Clippers never let their confidence dip

Confidence, Clippers Coach Doc Rivers maintained, is not an issue for his team.Even when the Clippers were in the midst of a spiraling stretch, losing seven of nine games, even when their defense was a problem they couldn’t seem to solve, Rivers emphasized...

Clippers never let their confidence dip

Confidence, Clippers Coach Doc Rivers maintained, is not an issue for his team.

Even when the Clippers were in the midst of a spiraling stretch, losing seven of nine games, even when their defense was a problem they couldn’t seem to solve, Rivers emphasized that his group’s confidence never wavered.

So when the Clippers defeated the Knicks on Wednesday night, Rivers dismissed any notion that the victory improved his team’s belief in itself.

“I’m going to keep saying it. We do not have a confidence problem, all right?” Rivers said, his voice rising. “But you still need to win a game. You know, just winning a game, it definitely helps you feel better about yourselves. They see that we’re not playing great, and you go through that.”

The Clippers had a seven-game winning streak before they hit a rough patch in which they were losing close games (like the three-point defeat at home to Minnesota) as well as getting blown out (like the 46-point demolition at Golden State).

“It helps to win a game, especially when we’ve been coming up short the past however-many games,” DeAndre Jordan said. “It sucks to lose the way we had been losing like that.”

The Clippers were losing mostly because of a turnstile defense that impeded nothing.

Over the course of their last 10 games, the Clippers have yielded 118.4 points per game.

They will get another chance at improving their porous defense against the Charlotte Hornets on Saturday night.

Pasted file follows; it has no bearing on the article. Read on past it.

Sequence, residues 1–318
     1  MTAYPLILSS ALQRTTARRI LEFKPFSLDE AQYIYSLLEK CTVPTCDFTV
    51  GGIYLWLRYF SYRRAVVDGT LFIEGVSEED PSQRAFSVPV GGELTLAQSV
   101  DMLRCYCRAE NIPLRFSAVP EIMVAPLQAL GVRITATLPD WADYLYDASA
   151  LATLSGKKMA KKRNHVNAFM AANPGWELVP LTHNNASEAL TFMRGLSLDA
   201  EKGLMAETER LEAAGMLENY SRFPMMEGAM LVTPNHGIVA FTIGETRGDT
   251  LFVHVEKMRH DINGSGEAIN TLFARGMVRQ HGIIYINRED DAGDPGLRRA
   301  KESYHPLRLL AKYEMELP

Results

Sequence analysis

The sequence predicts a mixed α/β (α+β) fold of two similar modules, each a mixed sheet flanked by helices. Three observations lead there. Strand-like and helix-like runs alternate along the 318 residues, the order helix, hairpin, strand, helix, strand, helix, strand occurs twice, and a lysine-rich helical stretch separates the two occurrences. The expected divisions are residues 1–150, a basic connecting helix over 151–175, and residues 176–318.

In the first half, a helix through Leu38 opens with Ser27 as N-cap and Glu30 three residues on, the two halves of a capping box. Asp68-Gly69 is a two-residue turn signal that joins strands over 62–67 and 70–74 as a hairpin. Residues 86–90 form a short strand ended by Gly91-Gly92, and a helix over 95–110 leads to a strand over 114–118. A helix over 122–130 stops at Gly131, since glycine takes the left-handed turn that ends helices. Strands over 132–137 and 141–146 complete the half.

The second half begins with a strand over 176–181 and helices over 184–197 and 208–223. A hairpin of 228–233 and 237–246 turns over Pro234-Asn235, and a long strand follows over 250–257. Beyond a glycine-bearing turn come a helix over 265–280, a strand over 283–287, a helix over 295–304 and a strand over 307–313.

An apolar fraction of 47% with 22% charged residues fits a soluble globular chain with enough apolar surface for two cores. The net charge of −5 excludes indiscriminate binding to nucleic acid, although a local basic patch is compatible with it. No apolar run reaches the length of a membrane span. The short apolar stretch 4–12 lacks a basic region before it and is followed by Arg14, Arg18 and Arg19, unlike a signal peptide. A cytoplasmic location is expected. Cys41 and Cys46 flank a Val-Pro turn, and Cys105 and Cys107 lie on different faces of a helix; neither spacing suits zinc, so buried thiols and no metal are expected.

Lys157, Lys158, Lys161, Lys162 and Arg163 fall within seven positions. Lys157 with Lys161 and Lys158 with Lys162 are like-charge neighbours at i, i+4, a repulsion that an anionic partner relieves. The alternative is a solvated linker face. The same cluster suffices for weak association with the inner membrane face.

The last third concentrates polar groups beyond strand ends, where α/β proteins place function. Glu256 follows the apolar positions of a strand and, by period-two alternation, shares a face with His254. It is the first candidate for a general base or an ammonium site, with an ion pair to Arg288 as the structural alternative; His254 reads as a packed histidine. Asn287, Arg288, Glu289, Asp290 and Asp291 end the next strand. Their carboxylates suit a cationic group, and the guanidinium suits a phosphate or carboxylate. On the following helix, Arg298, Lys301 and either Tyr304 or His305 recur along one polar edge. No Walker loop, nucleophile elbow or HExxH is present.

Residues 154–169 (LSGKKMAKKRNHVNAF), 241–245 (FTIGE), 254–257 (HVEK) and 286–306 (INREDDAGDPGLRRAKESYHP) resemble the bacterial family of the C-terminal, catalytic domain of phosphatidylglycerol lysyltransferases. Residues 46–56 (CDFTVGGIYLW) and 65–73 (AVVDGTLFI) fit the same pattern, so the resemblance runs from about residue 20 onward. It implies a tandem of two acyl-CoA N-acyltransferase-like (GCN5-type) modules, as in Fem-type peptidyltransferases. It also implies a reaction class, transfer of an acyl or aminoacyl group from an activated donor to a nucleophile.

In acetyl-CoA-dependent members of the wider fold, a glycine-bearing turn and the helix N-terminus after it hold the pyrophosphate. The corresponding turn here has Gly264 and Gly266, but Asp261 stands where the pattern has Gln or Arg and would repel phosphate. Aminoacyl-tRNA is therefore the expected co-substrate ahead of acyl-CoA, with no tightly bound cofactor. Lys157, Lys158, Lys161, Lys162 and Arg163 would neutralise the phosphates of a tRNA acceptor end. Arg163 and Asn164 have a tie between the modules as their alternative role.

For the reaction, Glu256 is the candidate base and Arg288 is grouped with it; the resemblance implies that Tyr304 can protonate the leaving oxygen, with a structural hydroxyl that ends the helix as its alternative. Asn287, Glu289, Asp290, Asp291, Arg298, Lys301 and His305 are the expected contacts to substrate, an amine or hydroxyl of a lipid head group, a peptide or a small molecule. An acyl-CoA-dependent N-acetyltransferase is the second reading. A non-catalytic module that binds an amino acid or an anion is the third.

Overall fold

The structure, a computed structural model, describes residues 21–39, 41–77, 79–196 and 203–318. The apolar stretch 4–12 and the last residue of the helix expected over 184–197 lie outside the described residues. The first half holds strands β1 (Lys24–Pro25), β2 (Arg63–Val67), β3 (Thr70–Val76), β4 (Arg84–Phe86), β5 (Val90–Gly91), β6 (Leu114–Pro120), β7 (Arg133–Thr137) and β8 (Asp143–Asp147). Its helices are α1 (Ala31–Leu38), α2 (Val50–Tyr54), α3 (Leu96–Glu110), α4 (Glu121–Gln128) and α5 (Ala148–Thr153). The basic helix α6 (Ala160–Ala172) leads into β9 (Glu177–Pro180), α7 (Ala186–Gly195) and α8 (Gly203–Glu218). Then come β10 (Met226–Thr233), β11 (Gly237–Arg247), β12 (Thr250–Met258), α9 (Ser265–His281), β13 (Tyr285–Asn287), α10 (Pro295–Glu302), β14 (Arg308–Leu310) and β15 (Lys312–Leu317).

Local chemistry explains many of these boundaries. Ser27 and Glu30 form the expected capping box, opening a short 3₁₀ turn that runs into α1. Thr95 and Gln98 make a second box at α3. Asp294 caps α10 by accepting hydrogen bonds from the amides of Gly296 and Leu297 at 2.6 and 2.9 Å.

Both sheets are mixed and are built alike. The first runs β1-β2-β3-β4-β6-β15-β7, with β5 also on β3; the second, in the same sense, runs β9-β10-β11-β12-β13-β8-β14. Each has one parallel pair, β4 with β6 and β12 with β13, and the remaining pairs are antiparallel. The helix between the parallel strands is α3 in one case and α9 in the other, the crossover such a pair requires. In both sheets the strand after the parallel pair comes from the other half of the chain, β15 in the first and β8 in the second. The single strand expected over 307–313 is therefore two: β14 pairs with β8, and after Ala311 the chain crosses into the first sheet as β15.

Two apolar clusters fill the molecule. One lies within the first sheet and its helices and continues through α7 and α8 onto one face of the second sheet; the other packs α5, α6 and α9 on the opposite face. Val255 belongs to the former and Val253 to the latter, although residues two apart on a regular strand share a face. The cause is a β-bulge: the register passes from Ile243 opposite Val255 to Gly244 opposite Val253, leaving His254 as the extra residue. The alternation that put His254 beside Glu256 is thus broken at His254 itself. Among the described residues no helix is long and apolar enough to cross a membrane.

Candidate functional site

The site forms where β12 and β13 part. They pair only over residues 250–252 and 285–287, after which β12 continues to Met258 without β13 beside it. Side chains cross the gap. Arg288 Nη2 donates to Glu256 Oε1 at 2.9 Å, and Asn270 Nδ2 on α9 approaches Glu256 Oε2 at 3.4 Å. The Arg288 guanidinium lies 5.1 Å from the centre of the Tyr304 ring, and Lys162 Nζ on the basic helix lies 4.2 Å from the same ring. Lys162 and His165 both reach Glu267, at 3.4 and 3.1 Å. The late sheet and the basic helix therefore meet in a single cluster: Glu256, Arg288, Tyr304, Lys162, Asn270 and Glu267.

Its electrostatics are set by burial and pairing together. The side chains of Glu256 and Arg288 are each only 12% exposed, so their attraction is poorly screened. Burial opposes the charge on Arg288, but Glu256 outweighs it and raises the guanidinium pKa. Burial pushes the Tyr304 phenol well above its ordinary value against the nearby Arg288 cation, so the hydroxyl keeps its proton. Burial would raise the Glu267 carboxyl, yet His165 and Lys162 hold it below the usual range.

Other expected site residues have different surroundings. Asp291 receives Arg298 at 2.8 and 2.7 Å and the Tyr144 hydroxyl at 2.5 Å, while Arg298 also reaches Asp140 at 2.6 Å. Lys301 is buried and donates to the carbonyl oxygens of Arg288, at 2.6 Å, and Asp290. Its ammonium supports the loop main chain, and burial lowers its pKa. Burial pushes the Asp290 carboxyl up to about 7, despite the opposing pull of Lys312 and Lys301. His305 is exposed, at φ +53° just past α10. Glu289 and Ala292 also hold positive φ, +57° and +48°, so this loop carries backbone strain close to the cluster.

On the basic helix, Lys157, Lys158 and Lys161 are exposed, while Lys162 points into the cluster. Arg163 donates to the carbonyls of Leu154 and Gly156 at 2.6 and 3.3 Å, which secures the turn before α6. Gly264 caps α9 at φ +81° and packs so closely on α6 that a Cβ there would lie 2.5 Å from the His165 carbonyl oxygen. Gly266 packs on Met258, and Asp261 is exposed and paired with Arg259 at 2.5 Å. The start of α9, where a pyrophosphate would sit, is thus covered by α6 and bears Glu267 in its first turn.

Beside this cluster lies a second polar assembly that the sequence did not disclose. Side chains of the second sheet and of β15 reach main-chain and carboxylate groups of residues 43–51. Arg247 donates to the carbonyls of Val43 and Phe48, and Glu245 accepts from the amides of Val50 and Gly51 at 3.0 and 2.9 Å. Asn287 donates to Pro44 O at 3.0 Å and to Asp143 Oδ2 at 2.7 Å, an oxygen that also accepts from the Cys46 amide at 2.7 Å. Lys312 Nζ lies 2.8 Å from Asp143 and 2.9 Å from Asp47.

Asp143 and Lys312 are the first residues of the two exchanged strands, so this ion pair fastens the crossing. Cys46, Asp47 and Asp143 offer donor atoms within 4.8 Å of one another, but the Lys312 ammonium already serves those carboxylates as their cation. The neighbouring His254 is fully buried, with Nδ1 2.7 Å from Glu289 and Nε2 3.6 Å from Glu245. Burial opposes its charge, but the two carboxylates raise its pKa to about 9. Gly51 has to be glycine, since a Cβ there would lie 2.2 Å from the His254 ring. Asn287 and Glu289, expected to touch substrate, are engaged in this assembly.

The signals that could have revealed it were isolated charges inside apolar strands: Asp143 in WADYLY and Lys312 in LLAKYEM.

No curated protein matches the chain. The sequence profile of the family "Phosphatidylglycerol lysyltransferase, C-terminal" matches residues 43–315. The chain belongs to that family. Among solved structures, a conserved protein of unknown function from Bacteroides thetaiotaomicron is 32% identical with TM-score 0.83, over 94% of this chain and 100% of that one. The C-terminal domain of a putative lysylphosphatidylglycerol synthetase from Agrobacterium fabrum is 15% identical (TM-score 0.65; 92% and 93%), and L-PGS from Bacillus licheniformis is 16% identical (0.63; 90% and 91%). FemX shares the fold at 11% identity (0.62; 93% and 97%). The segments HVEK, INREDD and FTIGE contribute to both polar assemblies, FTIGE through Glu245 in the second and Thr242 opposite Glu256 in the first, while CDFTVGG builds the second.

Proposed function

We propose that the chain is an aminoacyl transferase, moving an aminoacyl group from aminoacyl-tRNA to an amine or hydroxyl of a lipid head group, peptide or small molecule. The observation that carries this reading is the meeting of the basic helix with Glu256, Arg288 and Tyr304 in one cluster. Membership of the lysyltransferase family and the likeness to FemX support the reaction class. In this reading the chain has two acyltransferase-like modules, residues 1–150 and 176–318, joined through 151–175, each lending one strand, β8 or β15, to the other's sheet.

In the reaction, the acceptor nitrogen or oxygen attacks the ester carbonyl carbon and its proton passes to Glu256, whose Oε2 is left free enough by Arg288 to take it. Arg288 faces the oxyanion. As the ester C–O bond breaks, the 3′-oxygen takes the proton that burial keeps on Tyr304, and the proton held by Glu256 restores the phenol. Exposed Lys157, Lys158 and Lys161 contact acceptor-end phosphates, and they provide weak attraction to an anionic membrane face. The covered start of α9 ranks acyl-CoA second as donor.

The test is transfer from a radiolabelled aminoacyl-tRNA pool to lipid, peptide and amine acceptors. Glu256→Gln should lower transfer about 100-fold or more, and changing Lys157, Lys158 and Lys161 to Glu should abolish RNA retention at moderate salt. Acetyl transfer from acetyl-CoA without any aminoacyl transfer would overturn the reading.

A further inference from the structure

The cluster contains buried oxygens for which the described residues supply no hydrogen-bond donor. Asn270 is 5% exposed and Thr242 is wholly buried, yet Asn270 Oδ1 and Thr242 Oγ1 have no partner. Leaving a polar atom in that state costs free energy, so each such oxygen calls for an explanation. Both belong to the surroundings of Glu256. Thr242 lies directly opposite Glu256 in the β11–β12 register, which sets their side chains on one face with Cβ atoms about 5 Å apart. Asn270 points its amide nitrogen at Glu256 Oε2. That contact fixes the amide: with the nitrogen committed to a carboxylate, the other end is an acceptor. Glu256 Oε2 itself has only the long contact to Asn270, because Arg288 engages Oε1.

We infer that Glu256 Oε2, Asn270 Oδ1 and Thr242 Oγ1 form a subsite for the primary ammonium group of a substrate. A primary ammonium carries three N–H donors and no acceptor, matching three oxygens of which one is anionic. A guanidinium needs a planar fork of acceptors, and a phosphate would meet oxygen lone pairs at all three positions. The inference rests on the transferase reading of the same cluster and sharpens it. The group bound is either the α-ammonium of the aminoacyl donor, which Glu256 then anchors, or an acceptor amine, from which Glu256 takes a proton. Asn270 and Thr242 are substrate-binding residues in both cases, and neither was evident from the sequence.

“Our defense still has to get better,” Jordan said.

When he’s started at point guard in place of the injured Chris Paul (left thumb surgery), Austin Rivers has tried to strike a balance of what he’s best at and what is best for the team.

Rivers is an attacking combo guard, a slasher with an aggressive mentality.

But when he is the point guard, he has to scale back that approach and look more to set up his teammates.

He was good at being the setup man against the Knicks, handing out a career-best 10 assists.

Rivers said conversations with Paul, who is considered the NBA’s best point guard at delivering passes at the right time to his teammates, have been beneficial.

“As a point guard, you’ve got to make the read,” Rivers said. “Chris is just like, ‘Attack and look to score, and you’ll just make the play. Don’t think about getting assists. Don’t think about scoring. Just be aggressive.’ Every game I go in, I’ll be like, ‘I’m going to go attack looking to score.’ And if someone takes it away, then I’ll just make the play.”

UP NEXT: CLIPPERS AT CHARLOTTE HORNETS      

When: 2 p.m. Saturday

Where: Spectrum Center

On the air: TV: Prime Ticket; Radio: 570, 1330

Records: Clippers 32-21; Hornets 24-28

Records vs. Hornets: Clippers 2-0 (2015-16 season)

Update:  The Hornets have lost eight of their last nine games. All-Star point guard Kemba Walker averages 22.5 points per game, 20th in the NBA. The Hornets allow 104.4 points per game, ninth-best in the league, and they average 45.2 rebounds per game, fifth-best in the league.

broderick.turner@latimes.com

Follow Broderick Turner on Twitter @BA_Turner

 

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